Privacy International, together with Human Rights Watch, submits a briefing to US court, arguing that Apple is right to refuse the FBI's demands to weaken iPhone security
Privacy International and Human Rights Watch have submitted a briefing to a US court, arguing that compelling Apple to build new software for the FBI will be a dangerous game changer in the security of the technology we rely on every day. If the FBI wins its case against Apple, it will open the floodgates for governments across the world to make similar demands. Compelling technology companies to weaken the security of their products and services will make the personal information we store on our phones, computers and increasingly the Internet of Things vulnerable to theft and exploitation.
In the brief submitted to the Central District of California by Privacy International and Human Rights Watch, we argue that:
"The mere existence of the power the Government seeks may erode the security infrastructure of the internet. If Apple can be compelled to undermine its security features, what confidence can users of Apple and other technology products and services actually place in those features?"
The FBI's demand relates to an iPhone that belonged to one of the perpetrators of the San Bernardino attack. While the FBI claims that this is a highly targeted request, about access to a single iPhone in relation to a single atrocity, officials across the US have already been lining up for similar access. In fact, the FBI has twelve similar requests currently pending in courts across the country and local prosecutors have spoken of hundreds of iPhones they would like to access through this kind of power. Just last week Apple headed off a claim in New York about access to another iPhone.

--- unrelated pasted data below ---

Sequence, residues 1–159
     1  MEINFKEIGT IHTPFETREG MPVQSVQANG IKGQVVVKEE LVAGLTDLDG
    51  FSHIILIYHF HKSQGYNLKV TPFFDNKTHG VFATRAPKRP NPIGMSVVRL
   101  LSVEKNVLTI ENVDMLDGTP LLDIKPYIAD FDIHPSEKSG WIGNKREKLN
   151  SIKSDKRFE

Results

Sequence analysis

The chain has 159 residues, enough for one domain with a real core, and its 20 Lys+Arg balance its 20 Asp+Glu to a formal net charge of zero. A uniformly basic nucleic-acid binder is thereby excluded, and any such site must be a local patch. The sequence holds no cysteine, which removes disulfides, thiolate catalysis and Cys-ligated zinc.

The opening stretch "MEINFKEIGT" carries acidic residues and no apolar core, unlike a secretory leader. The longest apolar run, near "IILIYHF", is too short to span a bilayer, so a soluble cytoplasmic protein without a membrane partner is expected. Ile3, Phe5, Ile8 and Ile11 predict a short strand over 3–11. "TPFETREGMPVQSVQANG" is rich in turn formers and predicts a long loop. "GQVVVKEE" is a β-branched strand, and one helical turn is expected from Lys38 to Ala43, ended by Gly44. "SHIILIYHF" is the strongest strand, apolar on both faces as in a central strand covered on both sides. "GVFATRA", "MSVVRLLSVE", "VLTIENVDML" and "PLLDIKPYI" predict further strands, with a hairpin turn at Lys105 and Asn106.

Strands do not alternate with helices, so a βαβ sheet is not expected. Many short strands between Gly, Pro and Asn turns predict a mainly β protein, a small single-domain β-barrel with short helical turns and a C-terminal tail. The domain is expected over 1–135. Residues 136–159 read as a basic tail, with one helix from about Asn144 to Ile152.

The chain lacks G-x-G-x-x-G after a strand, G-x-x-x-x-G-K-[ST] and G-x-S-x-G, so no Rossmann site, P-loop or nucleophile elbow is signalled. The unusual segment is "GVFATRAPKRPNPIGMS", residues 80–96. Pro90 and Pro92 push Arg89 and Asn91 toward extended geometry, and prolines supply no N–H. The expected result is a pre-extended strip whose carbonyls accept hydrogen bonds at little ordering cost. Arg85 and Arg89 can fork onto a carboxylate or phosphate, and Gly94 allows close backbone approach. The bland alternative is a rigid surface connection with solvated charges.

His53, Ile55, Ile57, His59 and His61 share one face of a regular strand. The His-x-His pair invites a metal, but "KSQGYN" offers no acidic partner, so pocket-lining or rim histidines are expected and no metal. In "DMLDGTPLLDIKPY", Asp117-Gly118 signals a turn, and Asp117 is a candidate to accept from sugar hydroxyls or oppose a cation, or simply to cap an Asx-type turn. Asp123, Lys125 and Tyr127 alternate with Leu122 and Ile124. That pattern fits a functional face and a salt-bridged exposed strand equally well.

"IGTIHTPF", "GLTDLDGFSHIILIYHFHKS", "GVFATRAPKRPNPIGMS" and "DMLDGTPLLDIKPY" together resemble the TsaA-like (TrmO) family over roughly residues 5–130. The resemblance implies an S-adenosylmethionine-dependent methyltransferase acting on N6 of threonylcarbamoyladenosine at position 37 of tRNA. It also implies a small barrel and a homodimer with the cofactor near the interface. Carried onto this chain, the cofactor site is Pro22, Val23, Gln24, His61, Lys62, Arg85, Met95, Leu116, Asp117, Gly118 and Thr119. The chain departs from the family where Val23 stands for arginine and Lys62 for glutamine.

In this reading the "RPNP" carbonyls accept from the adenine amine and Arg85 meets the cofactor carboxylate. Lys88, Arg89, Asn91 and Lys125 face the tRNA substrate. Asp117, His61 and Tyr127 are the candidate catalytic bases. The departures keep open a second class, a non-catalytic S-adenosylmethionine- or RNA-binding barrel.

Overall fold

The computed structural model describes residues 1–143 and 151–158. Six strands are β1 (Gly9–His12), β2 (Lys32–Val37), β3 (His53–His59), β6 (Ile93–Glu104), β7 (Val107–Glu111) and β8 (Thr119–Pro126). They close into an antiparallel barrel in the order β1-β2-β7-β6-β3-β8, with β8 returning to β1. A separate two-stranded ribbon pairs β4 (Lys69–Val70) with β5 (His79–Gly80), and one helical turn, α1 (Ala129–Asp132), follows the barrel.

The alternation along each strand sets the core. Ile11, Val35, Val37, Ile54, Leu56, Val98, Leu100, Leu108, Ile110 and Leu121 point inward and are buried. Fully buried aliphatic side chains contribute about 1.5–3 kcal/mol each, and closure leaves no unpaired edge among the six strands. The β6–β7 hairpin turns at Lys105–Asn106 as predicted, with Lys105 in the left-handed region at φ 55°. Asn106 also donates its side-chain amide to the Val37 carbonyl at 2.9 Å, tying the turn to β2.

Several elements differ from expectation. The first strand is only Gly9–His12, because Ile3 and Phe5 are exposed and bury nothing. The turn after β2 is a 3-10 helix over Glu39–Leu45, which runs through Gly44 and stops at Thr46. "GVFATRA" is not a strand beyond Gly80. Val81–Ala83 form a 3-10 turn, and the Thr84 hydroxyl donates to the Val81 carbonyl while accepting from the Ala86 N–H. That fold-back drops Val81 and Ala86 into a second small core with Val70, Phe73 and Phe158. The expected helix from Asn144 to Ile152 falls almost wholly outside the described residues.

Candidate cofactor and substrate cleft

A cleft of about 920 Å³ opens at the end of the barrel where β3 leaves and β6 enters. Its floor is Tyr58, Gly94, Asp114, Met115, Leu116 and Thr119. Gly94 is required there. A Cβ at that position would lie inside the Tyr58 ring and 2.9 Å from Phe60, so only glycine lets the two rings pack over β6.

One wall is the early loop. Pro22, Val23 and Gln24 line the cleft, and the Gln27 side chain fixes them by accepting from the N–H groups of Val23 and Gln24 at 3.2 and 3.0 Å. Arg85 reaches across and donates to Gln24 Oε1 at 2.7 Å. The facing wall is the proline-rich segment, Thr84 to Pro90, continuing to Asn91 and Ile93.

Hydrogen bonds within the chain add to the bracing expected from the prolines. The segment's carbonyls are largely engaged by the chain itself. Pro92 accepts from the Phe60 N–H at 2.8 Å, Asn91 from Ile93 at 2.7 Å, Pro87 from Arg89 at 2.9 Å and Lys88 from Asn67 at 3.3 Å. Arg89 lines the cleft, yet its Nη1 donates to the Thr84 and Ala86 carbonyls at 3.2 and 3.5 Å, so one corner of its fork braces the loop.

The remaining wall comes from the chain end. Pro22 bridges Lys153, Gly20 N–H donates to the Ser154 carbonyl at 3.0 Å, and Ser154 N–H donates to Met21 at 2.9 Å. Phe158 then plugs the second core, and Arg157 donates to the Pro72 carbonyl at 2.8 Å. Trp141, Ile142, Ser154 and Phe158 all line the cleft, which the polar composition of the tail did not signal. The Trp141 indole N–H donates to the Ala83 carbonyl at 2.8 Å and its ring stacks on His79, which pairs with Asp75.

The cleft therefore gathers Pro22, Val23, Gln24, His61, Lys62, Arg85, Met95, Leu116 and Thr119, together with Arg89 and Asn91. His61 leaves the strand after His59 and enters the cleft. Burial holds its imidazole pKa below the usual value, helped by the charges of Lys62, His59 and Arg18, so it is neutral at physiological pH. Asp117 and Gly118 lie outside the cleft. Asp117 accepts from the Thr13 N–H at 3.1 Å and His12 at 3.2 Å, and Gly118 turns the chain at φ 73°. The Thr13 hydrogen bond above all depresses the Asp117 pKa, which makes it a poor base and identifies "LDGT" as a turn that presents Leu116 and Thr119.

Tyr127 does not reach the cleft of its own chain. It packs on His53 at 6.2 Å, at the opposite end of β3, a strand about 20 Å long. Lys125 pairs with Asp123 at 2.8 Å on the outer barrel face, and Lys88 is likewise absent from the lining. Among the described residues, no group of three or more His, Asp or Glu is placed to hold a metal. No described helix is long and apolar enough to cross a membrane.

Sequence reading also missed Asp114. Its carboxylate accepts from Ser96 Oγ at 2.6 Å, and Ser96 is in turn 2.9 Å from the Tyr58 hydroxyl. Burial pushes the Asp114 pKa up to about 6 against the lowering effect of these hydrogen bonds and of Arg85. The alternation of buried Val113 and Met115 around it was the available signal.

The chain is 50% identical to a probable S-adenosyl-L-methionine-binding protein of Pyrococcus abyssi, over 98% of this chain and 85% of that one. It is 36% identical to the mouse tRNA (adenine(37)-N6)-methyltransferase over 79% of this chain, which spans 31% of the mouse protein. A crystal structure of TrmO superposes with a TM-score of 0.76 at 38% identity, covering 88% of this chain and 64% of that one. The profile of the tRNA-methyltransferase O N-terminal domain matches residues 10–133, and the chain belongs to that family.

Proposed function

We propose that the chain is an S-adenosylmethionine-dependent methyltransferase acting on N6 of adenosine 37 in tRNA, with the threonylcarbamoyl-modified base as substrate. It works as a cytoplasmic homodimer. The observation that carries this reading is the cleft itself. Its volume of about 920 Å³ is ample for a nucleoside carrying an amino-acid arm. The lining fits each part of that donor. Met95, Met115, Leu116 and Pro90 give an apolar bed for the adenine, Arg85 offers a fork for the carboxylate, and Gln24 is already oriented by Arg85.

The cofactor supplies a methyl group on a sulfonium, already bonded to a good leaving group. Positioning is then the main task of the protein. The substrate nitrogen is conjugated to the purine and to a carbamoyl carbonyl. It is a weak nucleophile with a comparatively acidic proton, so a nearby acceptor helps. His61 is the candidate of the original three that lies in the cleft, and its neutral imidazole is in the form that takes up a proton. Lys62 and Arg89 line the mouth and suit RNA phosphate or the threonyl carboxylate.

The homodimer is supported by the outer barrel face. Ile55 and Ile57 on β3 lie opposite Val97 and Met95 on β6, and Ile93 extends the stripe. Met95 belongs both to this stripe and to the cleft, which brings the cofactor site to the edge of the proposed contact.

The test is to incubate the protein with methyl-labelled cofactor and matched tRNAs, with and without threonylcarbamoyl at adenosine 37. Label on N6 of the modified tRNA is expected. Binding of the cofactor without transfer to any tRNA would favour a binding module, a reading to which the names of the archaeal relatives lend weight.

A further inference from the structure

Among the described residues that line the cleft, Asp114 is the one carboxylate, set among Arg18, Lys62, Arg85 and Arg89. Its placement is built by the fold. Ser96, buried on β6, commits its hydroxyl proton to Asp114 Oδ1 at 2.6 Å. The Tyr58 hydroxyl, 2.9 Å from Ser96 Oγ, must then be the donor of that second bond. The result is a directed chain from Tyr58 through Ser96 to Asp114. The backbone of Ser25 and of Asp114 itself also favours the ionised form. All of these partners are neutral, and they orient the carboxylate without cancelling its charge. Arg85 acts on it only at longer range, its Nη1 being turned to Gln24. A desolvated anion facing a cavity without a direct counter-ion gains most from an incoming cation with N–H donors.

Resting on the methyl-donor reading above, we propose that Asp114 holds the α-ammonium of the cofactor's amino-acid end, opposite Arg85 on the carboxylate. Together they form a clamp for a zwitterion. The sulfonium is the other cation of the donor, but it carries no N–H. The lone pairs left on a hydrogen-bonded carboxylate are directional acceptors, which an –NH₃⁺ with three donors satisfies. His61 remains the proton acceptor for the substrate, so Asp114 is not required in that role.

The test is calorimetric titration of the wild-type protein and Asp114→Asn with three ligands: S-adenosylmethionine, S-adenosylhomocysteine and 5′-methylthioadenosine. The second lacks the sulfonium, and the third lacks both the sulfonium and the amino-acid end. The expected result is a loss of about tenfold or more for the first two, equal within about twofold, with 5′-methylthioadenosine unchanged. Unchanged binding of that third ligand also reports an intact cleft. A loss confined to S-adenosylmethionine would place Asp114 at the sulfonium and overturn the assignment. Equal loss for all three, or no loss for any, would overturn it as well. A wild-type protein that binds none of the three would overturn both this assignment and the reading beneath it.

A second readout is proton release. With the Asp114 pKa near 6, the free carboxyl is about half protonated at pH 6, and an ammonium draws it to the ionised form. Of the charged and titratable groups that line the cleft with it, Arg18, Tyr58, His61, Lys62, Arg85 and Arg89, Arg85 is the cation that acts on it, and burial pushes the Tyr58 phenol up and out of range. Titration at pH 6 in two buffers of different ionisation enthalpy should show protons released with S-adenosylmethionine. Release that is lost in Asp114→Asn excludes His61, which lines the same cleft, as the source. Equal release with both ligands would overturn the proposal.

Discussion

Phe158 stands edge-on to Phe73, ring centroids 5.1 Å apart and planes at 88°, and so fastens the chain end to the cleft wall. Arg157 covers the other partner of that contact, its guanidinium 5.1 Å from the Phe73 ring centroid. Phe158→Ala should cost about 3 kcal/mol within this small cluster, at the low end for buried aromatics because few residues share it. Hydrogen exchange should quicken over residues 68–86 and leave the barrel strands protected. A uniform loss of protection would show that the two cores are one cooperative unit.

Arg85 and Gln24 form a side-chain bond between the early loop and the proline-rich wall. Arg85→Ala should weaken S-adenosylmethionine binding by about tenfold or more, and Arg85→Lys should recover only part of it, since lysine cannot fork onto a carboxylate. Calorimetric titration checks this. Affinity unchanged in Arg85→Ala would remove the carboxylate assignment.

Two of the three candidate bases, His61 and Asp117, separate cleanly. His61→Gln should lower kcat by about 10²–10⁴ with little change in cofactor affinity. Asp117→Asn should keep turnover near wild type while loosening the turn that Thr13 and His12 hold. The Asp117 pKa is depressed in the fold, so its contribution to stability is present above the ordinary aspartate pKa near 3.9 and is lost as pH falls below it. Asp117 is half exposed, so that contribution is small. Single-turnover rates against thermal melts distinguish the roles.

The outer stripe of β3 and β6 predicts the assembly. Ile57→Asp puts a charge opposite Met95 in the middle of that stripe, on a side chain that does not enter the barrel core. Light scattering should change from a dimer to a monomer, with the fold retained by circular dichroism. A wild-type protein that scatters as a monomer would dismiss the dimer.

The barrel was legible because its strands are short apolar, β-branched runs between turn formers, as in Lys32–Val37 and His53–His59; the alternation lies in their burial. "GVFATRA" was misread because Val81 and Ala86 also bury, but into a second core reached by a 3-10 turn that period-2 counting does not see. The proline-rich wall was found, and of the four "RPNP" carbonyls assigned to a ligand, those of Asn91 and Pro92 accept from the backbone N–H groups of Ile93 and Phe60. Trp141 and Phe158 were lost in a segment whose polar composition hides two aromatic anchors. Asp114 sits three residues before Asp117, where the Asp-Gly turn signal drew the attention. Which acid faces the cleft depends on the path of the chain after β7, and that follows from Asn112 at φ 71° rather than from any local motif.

Trust in the technology we rely on everyday is at stake. If the FBI wins this case, it will set a far-reaching legal precedent. A number of governments around the world, including Russia, China, Turkey, Pakistan and the UK, currently seek the power the FBI wants. They will be emboldened to also demand that tech companies hack their products or services.
For instance, the UK's Investigatory Powers Bill, published earlier this week, would give intelligence agencies and the Police the power to compel companies to hack or build backdoors to their own encrpytion. Compounding the concerns raised by these troubling powers, gagging clauses in the Bill would mean that the kind of public debate that is currently raging over Apple vs FBI would not happen here.
Security features, such as encryption are integral to the protection of civil and human rights. A win for the FBI will set a precedent other countries could rely on when trying to compel technology companies to weaken security for illegitimate purposes - including stifling freedom of speech, crushing dissent, and facilitating arbitrary arrest and torture.
Caroline Wilson Palow, General Counsel at Privacy International said:
"The implications of the dispute between Apple and the FBI are far-reaching and very troubling. If the FBI is successful in compelling Apple to undermine the security of the iPhone, many countries will line up to follow suit. An FBI victory will be a major defeat for trust in the security of our digital devices and services, and may render individuals around the world vulnerable to attacks by criminals, foreign agents, and in repressive regimes, even their own Governments."
Cynthia Wong, Senior Internet Researcher at Human Rights Watch said:
“The outcome of this case will reverberate around the globe. If the FBI’s argument prevails, it will embolden repressive regimes to conscript any software or device maker to re-write or weaken code designed to protect individuals worldwide. Ultimately, such a result will undermine the security of digital tools that all of us increasingly rely on every day.”